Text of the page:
A FIRE brigade is urging people not to take risks in water amidst concerned about a potential influx of people getting into difficulty once lockdown measures are eased.

As Prime Minister Boris Johnson is due to set out his roadmap out of lockdown today, which will eventually lead to more people mixing outdoors, new figures show a record number of deaths and injuries were caused by water emergencies in Durham and Darlington last year.

The Northern Echo: Prime Minister Boris Johnson during a media briefing in Downing Street, London, on coronavirus (Covid-19). Picture date: Monday February 15, 2021. PA Photo.

Home Office data shows that in Durham and Darlington, one death and 11 injuries occurred in incidents where firefighters were called to flooding or other water emergencies in 2019-20.

This was the highest number since comparable records began in 2010-11, and up from only five in 2018-19.

Figures reveal that last year’s incidents involved one death, eight hospitalisations, one first aid casualty and two where precautionary checks were carried out.

But there are fresh concerns that this year could see another rise with people locked in their homes for so long, many are eager to start travelling further afield for a day out.

With the added expectations of a staycation boom, it is likely the British countryside could be busier than ever this summer.

This has raised fears with Durham and Darlington Fire and Rescue, who have issued a fresh warning about the potential dangers.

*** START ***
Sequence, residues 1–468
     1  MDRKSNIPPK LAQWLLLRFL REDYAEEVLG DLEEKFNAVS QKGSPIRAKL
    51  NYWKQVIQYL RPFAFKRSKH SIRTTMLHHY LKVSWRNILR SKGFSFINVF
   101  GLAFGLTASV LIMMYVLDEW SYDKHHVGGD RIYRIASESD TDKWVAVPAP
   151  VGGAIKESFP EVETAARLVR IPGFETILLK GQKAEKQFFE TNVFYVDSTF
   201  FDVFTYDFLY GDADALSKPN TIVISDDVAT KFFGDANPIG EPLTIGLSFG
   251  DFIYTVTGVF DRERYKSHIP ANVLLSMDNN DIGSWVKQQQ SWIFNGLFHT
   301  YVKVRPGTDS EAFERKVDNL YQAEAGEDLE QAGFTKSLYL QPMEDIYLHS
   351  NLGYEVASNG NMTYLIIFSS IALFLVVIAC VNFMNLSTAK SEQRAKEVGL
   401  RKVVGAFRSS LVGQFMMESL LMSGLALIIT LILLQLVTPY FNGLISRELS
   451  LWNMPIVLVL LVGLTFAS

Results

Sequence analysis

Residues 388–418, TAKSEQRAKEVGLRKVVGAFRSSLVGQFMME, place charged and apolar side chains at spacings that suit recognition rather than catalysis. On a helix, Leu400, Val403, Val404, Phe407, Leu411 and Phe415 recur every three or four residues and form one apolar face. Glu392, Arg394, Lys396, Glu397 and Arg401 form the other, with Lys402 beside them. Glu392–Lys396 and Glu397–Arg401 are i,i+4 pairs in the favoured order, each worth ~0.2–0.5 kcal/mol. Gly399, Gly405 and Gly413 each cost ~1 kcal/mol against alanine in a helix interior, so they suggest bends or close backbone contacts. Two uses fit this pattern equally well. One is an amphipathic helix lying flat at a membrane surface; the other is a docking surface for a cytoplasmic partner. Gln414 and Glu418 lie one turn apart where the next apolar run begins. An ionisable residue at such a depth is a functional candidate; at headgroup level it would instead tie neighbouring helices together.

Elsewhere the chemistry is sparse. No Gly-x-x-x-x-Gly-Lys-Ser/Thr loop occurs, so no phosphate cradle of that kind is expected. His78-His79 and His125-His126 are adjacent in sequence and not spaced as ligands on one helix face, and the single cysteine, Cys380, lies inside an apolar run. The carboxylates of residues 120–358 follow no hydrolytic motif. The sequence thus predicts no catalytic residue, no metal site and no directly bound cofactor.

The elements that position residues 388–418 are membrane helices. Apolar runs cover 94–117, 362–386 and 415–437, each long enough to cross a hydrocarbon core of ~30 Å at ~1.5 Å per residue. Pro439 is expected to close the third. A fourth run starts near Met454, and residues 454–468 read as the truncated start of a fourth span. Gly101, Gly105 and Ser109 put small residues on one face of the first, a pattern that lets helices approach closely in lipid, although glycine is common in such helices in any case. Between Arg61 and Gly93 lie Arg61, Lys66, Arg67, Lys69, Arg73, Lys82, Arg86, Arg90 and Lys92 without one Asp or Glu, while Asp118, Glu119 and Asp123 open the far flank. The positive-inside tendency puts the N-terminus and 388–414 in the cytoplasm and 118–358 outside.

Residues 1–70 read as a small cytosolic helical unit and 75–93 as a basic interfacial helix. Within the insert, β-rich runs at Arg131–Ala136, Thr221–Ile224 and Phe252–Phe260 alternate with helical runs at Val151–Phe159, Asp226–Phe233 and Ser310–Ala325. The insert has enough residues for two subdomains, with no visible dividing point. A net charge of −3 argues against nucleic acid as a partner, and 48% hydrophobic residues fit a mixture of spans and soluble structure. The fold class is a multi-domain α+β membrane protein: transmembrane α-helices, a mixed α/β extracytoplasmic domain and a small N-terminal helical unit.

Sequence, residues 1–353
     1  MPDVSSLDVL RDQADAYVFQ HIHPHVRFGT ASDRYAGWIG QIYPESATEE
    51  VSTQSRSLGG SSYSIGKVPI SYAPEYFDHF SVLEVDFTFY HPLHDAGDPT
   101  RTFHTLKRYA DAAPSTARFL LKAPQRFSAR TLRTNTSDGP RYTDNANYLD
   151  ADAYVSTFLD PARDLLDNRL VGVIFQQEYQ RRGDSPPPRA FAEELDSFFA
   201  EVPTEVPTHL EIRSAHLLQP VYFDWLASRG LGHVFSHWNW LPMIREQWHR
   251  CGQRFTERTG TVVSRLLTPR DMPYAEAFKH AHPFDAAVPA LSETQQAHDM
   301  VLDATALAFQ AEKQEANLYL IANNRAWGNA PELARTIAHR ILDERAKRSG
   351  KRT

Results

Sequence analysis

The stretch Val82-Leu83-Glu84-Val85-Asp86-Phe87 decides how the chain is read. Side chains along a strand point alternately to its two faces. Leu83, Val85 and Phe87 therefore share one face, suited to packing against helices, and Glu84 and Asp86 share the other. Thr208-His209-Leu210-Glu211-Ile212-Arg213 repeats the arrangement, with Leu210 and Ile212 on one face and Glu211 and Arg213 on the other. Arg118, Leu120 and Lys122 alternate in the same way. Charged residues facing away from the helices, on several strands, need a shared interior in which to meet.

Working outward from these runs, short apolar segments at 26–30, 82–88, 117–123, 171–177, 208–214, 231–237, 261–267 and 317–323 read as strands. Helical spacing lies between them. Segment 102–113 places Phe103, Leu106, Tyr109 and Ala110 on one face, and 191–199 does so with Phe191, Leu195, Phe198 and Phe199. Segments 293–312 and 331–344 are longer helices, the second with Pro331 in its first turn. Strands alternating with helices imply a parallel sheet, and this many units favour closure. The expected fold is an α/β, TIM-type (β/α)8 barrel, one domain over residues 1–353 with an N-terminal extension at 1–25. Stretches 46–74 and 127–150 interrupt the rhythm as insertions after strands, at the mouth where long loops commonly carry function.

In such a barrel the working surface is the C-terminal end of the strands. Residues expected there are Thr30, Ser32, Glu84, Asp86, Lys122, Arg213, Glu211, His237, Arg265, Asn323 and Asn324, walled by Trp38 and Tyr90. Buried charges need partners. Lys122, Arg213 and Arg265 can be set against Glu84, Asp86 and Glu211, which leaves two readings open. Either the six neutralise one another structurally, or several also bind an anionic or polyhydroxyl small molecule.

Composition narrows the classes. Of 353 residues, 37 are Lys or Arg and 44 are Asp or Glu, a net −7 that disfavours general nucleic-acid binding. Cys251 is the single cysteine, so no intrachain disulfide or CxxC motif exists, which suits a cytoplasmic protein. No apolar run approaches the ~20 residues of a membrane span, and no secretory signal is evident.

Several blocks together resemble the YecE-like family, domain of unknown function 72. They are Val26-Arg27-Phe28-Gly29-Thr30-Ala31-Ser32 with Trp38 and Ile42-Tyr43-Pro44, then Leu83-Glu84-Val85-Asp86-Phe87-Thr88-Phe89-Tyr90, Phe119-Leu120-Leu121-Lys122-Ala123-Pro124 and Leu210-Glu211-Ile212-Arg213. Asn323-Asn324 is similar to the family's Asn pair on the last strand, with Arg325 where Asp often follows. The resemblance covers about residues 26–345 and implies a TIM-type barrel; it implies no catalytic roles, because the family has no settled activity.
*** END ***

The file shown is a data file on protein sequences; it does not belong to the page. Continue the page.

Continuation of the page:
The Northern Echo: Data on water related incidents in England between 2019 and 2020 by age

Glen Stewart, Community Safety Manager at County Durham and Darlington Fire and Rescue Service said: “With the possibility of lockdown restrictions easing over the summer, we are more than likely going to see an influx of people exploring and enjoying our beautiful County, and we want everyone to be able to enjoy the outdoors safely.

“We understand that going into open water can be tempting, especially when it is warm and sunny, but we are encouraging all members of the public not to take risks.

“Although the water looks inviting from the surface, it is still cold enough to induce Cold Water Shock, not to mention the dangers lurking beneath that you cannot see from the surface.

“Don’t swim in open water unless there is a lifeguard present, always let someone know where you are going and call 999 in an emergency.”

Home Office data shows a huge increase in water related incidents across England, which may be down to the flooding caused by the storms.

Of the 17,505 incidents last year, 13 per cent occurred in February, when Storms Dennis and Ciara brought the wettest conditions for the month since records began in England and Wales.

Last year across England, there were 111 deaths, 274 hospitalisations and 422 injuries overall – all of which were the highest on record.

Further analysis of the data shows that the age group of 30-54 year olds were the most likely to get into difficulty in a ‘water related incident’ in 2019/2020.

Last year also saw a record number of young people under 14 getting into difficulty in the water.

The over 75s are the least likely to get into trouble in the water.

On a break down of gender, men are more likely to be involved in a water related incident than women.